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Stories by John Platt


Kenyans Reportedly Chewing "Potency" Herb into Extinction

Add another species to the long list of plants and animals being eaten out of existence so men can try to get it up in the bedroom.This time, instead of medically useless tiger penises or sea turtle eggs, it's an African plant called White's ginger ( Mondia whitei ), often wrongly referred to as "white ginger." It goes by many names in Africa, most notably mukombero in Kenya, where it is said that chewing the root of the plant or drinking it in tea form can boost virility and stamina in the bedroom"It never disappoints, my wife is one happy woman," one Kenyan man told Radio Netherlands Worldwide ...

July 30, 2011 — John Platt
The Sciences

Whitebark Pine Turned Down for Endangered Species List

Whitebark pine ( Pinus albicaulis ) are at risk of extinction due to climate change and invasive species, the U.S. Fish and Wildlife Service (FWS) declared on Monday, but the trees will not be added to the endangered species list because other as yet protected species are a "higher priority." (In other words, there's just not enough money to protect them at this time.)According to the FWS press release on the matter, "The Service will add the whitebark pine to the list of candidate species eligible for ESA protection and review its status annually...

July 21, 2011 — John Platt

Want to Conserve Bats? There's an App for That

Many smartphone applications are designed more for fun than substance (Angry Birds, anyone?), but a new app from the Zoological Society of London (ZSL) and the Bat Conservation Trust offers individuals and communities a chance to get involved in citizen science in a very real way and to help conserve bat populations in the process.The app is called iBats, named after the Indicator Bats Program, which got its start in Transylvania in 2006...

July 19, 2011 — John Platt
The Sciences

Last Wild Camels in China Could be Saved with Embryonic Transfer Technique Perfected in U.A.E.

The critically endangered wild Bactrian camel ( Camelus ferus ) is so rare and lives in such remote areas that it was only recognized (after a few years of scientific debate) as its own species in 2008, decades after China started using one of its few habitats, the the Lop Nur Desert, to test nuclear bombs.Amazingly, this two-humped camel appears to be no worse for wear following the tests, but now more humans are entering those once-remote areas...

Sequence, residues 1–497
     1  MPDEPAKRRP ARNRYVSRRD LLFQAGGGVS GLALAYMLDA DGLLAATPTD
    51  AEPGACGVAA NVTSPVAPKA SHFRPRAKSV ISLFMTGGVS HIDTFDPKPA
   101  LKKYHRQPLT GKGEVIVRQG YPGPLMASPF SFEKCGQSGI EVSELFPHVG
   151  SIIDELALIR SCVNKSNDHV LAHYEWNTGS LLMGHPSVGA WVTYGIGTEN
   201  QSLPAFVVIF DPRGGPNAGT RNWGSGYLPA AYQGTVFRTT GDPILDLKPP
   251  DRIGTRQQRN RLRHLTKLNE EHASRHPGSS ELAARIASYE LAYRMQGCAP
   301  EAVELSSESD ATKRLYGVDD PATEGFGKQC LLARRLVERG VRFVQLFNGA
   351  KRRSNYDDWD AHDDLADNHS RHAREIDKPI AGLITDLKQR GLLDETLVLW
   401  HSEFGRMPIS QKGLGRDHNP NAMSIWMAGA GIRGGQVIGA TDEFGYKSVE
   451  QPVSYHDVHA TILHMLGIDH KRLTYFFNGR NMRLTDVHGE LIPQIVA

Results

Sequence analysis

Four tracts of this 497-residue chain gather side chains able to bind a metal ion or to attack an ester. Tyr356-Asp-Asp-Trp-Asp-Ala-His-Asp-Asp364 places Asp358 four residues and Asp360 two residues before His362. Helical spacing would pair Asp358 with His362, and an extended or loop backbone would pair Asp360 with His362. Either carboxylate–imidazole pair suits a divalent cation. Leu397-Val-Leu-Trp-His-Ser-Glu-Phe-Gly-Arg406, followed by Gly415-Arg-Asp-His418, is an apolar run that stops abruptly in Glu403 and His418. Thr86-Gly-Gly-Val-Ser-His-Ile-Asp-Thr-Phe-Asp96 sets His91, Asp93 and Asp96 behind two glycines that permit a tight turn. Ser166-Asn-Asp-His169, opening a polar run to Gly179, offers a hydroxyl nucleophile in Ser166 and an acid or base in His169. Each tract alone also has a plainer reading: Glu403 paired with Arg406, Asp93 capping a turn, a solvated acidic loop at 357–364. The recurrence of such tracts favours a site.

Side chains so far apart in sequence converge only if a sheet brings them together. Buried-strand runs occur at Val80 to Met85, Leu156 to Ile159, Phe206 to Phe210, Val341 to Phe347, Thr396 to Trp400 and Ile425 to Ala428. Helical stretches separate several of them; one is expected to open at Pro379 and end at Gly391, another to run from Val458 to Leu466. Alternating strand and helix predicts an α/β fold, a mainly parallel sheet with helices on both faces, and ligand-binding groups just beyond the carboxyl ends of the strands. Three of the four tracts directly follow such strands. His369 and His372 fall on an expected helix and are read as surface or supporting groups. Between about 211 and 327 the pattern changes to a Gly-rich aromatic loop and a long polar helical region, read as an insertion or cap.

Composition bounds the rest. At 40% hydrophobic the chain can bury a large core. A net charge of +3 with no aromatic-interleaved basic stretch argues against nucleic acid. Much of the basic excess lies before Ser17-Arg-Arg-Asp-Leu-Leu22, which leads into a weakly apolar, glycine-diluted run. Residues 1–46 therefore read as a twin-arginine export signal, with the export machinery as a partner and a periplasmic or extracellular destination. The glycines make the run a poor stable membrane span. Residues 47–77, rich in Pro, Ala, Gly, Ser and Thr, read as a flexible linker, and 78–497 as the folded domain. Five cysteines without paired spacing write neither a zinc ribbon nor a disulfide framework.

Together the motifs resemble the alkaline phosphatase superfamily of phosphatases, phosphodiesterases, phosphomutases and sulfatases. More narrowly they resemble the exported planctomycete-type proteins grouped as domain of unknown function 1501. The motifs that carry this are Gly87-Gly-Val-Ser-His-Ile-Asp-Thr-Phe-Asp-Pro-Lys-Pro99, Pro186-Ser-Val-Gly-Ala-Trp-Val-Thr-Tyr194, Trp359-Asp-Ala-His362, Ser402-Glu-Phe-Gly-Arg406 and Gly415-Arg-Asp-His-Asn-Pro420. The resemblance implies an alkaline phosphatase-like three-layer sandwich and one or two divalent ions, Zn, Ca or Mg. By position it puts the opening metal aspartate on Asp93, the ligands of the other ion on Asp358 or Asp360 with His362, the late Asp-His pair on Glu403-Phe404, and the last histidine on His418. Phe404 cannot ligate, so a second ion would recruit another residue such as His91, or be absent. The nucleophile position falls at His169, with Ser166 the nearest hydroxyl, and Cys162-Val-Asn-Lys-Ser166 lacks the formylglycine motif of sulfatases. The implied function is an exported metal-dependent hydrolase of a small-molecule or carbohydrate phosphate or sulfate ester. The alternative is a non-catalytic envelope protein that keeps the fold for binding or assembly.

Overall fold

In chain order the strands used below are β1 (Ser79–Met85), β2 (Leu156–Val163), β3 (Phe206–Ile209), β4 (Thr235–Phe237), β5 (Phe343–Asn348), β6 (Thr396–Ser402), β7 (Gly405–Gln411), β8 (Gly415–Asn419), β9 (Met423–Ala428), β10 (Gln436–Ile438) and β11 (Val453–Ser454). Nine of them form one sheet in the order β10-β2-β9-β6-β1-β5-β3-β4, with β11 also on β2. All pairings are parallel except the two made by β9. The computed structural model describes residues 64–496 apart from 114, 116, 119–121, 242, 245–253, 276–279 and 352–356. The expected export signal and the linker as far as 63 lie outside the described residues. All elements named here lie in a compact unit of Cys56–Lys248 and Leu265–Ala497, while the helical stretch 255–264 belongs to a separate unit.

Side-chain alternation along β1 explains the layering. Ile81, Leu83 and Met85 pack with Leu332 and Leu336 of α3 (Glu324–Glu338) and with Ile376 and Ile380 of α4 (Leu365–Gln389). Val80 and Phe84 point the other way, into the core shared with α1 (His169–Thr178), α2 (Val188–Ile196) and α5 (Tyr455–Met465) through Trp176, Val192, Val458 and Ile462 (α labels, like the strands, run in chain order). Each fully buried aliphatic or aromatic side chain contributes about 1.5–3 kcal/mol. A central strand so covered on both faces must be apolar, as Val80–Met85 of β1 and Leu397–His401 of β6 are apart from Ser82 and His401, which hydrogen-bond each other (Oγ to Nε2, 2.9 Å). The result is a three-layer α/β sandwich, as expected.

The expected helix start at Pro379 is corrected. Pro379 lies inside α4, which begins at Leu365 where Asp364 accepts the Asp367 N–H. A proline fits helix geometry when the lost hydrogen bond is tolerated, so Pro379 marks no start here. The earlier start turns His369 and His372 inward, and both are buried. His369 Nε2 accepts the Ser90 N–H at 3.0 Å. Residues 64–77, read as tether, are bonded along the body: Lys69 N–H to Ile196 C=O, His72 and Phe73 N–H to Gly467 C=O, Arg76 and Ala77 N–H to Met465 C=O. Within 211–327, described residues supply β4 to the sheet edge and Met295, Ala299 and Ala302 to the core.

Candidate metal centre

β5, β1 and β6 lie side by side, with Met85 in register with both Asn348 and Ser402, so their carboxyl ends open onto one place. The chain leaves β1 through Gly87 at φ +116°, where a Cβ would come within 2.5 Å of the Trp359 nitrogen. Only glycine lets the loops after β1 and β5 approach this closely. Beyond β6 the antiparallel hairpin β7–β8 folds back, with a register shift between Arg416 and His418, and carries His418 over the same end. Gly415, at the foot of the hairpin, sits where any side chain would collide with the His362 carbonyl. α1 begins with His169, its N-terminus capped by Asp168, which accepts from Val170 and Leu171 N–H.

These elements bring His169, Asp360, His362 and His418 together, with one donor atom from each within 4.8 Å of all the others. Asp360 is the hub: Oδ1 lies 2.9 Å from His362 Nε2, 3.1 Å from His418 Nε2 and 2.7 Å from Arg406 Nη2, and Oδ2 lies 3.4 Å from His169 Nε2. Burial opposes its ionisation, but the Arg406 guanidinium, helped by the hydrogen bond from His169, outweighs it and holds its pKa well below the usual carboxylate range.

July 7, 2011 — John Platt
The Sciences

Enormous, Endangered, Epileptic Loggerhead Turtle Gets MRI Brain Scan [Video]

How do you find out why a 1.5-meter-long endangered sea turtle is having epileptic fits? The first step is to find an MRI machine big enough to accommodate her not-so-ladylike girth.On June 25, "Snorkel," a 68-kilogram loggerhead sea turtle ( Caretta caretta ), traveled more than 500 kilometers from her home at National Marine Aquarium (NMA) in Plymouth, England, to Cheltenham Imaging Center, home of one the country's first open-bore MRI machines...

July 5, 2011 — John Platt

Platypus Threatened by Climate Change

The thick, waterproof fur that once made the platypus ( Ornithorhynchus anatinus ) a valuable target for trappers may soon present another danger for the unique mammal: Australia could soon end up being too hot for the species to survive.Platypus fur is so warm and watertight that it insulates the semiaquatic animals from virtually all heat loss—an important function, because platypus spend up to 10 hours a day in 0 degree Celsius streams and rivers...

June 23, 2011 — John Platt
The Sciences

Polly Wanna a Date? Rare Parrot Needs a Mate [Video]

Coco the Hyacinth macaw ( Anodorhynchus hyacinthinus ), one of the last males of his species in Paraguay, has had a rough start. Since his birth nine years ago he has been captured from the wild by illegal parrot traders, rescued, placed into Paraguay's Asunción Zoo, and then stolen from there—a crime that turned him into such a media celebrity that the thieves could not sell him and decided to set him free.Now he's back at Asunción Zoo and looking for a mate...

June 22, 2011 — John Platt

China's Yangtze Finless Porpoise Faces 80 Percent Decrease in 30 Years

The already rare Yangtze finless porpoise ( Neophocaena phocaenoides asiaeorientalis ) faces an 80 percent drop in its population over the next 30 years, according to research by the Institute of Hydrobiology of the Chinese Academy of Sciences.Currently, around 1,000 of the freshwater porpoises live in China's Yangtze River and its surrounding lakes, down from 2,700 in 1991 and 2,000 in the year 2000...

June 8, 2011 — John Platt
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